The good news is that while that data was contained on three of the compromised servers, there is no evidence that it has actually been accesses and/or exfiltrated.
The University's IT staff believes that the servers were targeted not for the information they contained, but for their computing power - the attackers have apparently been using them to mine Bitcoins.
"The five compromised servers are network-attached storage devices made by Synology. Other Synology users have reported similar (bitcoin mining) attacks by criminals", the University stated.
The IT team has thoroughly examined all information on the compromised servers, deleted files containing any personal student information, and then finally decommissioned, removed from the Internet and destroyed the servers.
"Other servers of the same type are no longer accessible through the internet, have received software updates to prevent hacking, and will be replaced as soon as possible," they shared, adding that they will be ramping up their security efforts.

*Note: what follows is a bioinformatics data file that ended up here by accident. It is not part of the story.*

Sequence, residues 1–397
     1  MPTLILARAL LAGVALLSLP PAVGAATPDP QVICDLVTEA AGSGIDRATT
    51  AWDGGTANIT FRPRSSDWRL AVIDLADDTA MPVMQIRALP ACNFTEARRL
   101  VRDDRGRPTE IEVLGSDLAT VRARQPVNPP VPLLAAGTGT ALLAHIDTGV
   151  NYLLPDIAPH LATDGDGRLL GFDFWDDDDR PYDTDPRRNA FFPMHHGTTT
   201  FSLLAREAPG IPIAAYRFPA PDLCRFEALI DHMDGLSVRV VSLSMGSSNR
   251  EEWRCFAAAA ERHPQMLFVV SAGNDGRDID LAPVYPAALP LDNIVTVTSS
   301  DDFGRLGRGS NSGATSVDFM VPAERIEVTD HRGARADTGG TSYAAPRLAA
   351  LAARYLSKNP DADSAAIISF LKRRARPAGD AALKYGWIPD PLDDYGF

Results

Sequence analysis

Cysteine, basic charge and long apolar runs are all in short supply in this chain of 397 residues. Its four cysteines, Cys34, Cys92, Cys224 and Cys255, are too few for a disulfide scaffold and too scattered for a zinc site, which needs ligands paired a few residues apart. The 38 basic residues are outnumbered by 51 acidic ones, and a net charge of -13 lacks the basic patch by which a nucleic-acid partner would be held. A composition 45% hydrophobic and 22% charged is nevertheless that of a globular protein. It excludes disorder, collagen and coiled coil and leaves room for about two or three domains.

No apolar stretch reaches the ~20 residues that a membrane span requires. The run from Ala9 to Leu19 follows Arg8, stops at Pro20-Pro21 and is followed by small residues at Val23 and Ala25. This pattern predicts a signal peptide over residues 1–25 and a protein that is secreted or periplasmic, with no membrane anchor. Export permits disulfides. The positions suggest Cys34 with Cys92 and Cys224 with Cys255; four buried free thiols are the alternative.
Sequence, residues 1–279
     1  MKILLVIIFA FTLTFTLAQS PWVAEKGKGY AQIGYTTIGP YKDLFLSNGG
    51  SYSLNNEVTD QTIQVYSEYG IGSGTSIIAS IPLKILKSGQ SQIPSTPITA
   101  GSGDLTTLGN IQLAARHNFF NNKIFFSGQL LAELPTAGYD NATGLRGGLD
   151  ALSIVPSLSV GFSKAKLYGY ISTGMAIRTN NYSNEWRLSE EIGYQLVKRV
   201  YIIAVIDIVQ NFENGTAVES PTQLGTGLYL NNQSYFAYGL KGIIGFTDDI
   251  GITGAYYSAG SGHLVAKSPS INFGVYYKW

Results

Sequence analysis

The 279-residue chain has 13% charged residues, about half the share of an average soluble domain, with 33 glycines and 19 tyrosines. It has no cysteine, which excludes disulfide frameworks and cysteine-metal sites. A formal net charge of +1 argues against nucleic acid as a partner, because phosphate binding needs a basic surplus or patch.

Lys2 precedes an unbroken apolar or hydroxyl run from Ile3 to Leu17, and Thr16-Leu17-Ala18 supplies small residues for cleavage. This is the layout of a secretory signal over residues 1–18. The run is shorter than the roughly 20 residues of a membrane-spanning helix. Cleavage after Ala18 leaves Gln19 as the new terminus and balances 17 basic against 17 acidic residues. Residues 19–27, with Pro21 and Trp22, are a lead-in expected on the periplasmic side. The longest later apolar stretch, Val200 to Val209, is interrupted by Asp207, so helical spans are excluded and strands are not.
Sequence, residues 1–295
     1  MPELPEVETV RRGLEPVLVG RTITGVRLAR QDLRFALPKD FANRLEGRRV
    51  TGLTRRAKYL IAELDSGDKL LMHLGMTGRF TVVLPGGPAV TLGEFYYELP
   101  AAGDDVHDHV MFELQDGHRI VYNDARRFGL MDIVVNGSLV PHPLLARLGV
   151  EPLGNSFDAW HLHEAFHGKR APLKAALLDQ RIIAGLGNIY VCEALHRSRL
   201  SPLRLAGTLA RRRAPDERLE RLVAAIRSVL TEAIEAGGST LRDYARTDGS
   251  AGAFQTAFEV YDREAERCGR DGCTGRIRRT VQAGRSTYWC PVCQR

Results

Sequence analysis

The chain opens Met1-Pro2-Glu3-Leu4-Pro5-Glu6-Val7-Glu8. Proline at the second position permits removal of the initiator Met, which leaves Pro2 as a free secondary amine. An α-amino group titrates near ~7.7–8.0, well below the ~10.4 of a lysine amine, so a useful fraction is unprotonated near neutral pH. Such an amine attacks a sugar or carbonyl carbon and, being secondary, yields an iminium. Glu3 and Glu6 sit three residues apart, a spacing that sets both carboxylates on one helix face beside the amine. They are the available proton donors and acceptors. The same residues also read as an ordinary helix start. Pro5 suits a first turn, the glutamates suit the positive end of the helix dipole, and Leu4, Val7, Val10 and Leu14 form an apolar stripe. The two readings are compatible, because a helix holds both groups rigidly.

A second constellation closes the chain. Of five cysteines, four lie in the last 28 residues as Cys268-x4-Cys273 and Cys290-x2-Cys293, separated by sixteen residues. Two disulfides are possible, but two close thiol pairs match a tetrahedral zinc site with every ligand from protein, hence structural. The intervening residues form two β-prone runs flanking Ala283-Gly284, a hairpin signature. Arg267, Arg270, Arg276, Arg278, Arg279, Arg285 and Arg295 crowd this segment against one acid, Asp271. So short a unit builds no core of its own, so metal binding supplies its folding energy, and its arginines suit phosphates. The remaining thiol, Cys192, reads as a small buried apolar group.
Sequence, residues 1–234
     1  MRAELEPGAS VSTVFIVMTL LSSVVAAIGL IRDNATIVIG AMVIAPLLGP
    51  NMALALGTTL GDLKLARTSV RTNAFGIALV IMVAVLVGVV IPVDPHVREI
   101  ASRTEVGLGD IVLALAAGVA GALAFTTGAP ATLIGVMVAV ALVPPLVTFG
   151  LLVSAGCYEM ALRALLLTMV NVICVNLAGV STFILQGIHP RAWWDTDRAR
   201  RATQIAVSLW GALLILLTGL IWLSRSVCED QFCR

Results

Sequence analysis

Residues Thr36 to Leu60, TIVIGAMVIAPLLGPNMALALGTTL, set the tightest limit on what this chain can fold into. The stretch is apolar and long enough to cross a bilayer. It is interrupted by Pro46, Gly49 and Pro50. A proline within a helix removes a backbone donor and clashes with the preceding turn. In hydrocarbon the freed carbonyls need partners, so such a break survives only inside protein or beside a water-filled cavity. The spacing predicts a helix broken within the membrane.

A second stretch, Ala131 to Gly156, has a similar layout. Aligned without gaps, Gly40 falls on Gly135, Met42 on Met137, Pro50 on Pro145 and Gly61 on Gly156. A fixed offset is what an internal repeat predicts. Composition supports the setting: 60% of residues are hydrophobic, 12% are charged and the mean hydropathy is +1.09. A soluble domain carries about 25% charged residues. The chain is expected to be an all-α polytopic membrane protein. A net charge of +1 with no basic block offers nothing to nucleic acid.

“We have notified law enforcement, and we are contacting and encouraging those whose Social Security numbers were on the compromised servers to monitor their financial reports," said Senior Vice President and Provost Jonathan Wickert.
Potentially affected individuals will also be receiving one year of free credit monitoring services via AllClear.
Students whose SSNs might have been stolen include those who took a class in Computer science between 1995 and 2005; World languages and cultures in 2004, 2007, 2011-2012; and particular classes in Materials science and engineering in 2001.
University IDs of nearly 19,000 students have also been stored on the compromised servers, but that information is of no use to potential attackers. Nevertheless, they will also be directly notified of the breach.
In the meantime, the University is warning everyone to be wary of potential phishing emails that might receive in the wake of this revelation.